One Hundred Thousand Bastards

Donald Shephard

Thom had known from infancy that his mother had had a love affair with an American. He was not a great success in school, at work, or at home. He wiled away his evenings at the local pub. Thom's mother often drank with him and talked loosely of "the good old days. These "good old days" included the Great Depression and World War II.

In fact she had been a popular young woman then and in the later days of World War II when the Americans joined in the festivities. Her popularity was based on her willingness to share her affections for small personal rewards. Her notoriety became so great among the Americans from a nearby airfield that the chaplain was asked to intervene. Taking her for a walk one evening he advised her, in a fatherly way. His conversation about economic theory floored her right there in the woods.

He told her of the laws of supply and demand. Limited supply and unrestricted demand led to rising prices, he explained. After a minimum of such economic lessons, for she was a fast woman learner, he created a monopoly for her. This exclusive rights agreement proved to be both lucrative and productive. Thom was the padre's second product in that small village. Fortunately for the good reverend, D-Day came just in time to save him from embarrassment.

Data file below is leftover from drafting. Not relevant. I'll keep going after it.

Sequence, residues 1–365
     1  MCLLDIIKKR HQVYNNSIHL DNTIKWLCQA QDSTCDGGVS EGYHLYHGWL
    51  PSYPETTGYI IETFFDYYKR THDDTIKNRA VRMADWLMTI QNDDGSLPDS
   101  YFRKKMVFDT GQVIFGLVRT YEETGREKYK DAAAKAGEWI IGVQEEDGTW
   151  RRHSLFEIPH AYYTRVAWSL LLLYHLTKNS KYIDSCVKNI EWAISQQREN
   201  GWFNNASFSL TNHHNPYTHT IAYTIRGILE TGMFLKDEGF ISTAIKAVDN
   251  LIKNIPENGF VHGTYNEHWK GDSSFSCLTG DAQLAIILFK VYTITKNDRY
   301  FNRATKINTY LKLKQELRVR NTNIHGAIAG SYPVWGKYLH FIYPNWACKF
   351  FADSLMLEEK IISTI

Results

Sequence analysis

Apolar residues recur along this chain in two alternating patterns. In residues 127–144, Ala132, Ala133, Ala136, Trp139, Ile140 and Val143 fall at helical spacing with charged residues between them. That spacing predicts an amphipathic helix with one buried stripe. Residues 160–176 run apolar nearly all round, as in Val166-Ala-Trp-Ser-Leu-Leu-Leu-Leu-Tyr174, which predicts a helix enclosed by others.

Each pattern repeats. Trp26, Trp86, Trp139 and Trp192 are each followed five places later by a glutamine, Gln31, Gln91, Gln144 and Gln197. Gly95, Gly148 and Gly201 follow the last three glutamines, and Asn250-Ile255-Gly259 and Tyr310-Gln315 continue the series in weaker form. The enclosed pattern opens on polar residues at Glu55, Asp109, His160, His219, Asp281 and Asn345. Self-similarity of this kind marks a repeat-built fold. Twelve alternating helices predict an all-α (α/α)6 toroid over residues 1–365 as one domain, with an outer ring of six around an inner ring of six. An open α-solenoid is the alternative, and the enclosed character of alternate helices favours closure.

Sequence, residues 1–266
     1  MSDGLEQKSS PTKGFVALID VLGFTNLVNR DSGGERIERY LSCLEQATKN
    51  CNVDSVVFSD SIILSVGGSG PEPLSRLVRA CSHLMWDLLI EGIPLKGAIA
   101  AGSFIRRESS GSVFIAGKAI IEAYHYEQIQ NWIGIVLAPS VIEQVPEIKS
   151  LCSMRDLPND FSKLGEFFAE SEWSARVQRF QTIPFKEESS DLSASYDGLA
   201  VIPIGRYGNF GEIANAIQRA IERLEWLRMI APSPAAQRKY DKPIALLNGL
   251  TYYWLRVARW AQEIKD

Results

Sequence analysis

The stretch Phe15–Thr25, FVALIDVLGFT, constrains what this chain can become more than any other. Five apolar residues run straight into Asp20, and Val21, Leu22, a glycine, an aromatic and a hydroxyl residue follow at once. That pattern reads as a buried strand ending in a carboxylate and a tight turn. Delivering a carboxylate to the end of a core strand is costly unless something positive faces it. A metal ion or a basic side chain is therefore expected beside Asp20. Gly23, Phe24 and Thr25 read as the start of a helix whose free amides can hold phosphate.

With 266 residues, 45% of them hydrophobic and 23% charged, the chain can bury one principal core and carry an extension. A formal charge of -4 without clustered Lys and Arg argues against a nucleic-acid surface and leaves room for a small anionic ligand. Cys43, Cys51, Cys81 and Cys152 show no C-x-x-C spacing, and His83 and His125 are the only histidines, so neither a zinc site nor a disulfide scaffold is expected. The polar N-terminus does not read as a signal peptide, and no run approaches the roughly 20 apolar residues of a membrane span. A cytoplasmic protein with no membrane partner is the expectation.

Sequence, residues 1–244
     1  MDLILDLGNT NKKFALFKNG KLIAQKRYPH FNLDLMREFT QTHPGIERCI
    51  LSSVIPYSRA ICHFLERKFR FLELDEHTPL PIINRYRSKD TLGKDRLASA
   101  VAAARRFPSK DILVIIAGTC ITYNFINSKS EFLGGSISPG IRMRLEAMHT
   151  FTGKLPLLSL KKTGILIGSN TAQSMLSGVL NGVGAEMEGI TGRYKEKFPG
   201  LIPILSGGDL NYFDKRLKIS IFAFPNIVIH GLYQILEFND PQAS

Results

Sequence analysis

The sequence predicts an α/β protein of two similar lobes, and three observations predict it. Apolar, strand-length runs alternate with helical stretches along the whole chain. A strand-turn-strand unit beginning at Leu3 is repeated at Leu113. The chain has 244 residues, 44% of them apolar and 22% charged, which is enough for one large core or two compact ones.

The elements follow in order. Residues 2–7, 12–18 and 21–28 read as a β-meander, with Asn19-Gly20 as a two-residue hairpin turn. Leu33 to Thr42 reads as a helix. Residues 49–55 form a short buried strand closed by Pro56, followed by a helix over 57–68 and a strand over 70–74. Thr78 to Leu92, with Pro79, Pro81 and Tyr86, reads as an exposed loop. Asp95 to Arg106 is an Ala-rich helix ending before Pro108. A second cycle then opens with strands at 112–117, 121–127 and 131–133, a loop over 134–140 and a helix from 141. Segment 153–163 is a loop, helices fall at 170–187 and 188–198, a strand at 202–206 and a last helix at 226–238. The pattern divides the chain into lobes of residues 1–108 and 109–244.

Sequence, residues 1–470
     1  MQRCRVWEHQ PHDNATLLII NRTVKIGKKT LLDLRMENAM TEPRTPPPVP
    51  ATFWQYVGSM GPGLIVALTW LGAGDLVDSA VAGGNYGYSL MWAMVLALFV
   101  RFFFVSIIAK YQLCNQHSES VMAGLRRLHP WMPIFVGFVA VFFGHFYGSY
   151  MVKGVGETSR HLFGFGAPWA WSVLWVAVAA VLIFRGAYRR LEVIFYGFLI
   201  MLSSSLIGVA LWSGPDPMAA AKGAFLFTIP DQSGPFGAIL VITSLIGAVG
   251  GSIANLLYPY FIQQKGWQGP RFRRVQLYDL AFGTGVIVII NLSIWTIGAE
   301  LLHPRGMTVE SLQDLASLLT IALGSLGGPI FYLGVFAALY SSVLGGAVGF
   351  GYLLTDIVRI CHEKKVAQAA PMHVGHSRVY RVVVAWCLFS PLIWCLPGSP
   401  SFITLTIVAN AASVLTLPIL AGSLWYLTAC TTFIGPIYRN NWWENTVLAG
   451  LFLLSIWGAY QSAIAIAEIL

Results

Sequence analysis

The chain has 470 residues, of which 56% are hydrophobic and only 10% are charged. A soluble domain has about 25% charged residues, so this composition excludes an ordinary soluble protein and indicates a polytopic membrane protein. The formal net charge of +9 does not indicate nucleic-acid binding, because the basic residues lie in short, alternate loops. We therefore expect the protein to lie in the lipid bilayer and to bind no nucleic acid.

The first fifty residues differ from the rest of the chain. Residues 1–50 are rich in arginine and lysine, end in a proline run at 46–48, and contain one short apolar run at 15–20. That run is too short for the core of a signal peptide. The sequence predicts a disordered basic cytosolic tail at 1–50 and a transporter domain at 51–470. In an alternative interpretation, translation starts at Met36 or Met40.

Forty-five years after the war, Thom's mother was reminiscing loudly one evening in the public bar of the Rose and Crown and Sarah Witherick, the school mistress, was sitting in the quieter saloon bar listening intently to Thom's mother through the glass partition. If what Thom's mother was saying was true, it was likely, Sarah felt, that she and Thom were half-brother and half-sister. She went around to the public bar.

"I could not help overhearing your conversation," began Sarah. She explained the significance of a clipping she had in her purse from the Daily Telegraph of November 20, 1990. Sarah agreed to write a letter.

"Dear Mr. Ambassador;

Kindly inform me of the proper procedure, forms or methods

required by your Department of Defense and National Archives

which will allow me to discover my father. I know that his name

was Gregor Pugilovich and that he was a chaplain in the U.S.

Army stationed in Wiltshire during World War II.

Yours sincerely,